Deane Morrison, University of Minnesota
Neither the Big Dipper nor the Little Dipper holds much water after nightfall in June; the Little Dipper stands on its handle while the Big Dipper hangs down by its handle.
All during May, Venus and Jupiter dominate the early evening from opposite sides of the sky.
April opens with Mars and Saturn paired in the predawn sky.
With two full moons and the spring equinox, what's not to love about March?
With a new moon on the 15th, February's darkest skies come in mid-month. Use the moonless evenings to enjoy the bright winter constellations, which dominate the southern sky after nightfall. Grab a star chart and look low in the south for lovely Sirius, the brightest of stars. It radiates from Canis Major, the big dog, and can be imagined as a jewel in the dog's collar. Sirius — also called the Dog Star — owes its status to its proximity. Not quite nine light-years away, it's one of our closest neighbors.
January starts and ends with full "supermoons" – one on New Year's Day and one on the 31st. On New Year's Day we get the closest full moon of the year – a mere 221,700 miles away. Perfect fullness comes at 8:24 p.m. – less than five hours after both moonrise and perigee, the moon's closest approach to Earth in a lunar cycle. In other words, 2018 starts with a rising moon that scores way up on the size, brightness and roundness scales. During the night of Jan. 1 and 2, it travels the sky in Gemini.
December wastes no time in giving us its best gift: a supermoon.
The Milky Way arches high across the mid-evening sky from east to west in November. At its eastern end, winter constellations Orion, the hunter; the Gemini twins; Taurus, the bull; and Auriga, the charioteer, enter the sky. At its western end, the Summer Triangle of bright stars wheels toward the horizon. Face north to see scraggly Perseus just to the right of M-shaped Cassiopeia. Below them the Little Dipper hangs from its anchor — Polaris, the North Star — and the Big Dipper hugs the horizon.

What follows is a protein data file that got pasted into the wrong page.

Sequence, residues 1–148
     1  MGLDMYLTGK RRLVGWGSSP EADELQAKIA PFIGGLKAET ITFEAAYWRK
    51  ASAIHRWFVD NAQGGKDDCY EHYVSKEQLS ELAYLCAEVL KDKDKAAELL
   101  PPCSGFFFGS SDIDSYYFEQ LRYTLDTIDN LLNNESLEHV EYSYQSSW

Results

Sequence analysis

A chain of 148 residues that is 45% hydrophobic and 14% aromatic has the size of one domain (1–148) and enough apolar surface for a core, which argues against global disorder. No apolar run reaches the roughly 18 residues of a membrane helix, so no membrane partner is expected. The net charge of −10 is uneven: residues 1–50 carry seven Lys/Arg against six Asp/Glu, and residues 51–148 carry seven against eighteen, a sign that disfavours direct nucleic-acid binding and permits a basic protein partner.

October is known for its clear, crisp weather, so let's hope the pattern holds. Mars joined Venus in the morning sky about a month ago. The red planet is climbing as Earth starts to catch up to it in the orbital race, while Venus is slowly dropping as it gets ready to sail behind the sun. On Oct. 5, the planets slip by each other, coming within half a moon's width. Look low in the east about an hour before sunrise; Venus will be the slightly higher and brighter object.
In August, Jupiter heads for the sunset. Every evening it sinks lower, along with its longtime companion Spica, the brightest star in Virgo. Saturn comes out in the south, between the Teapot of Sagittarius to the east and Scorpius to the west.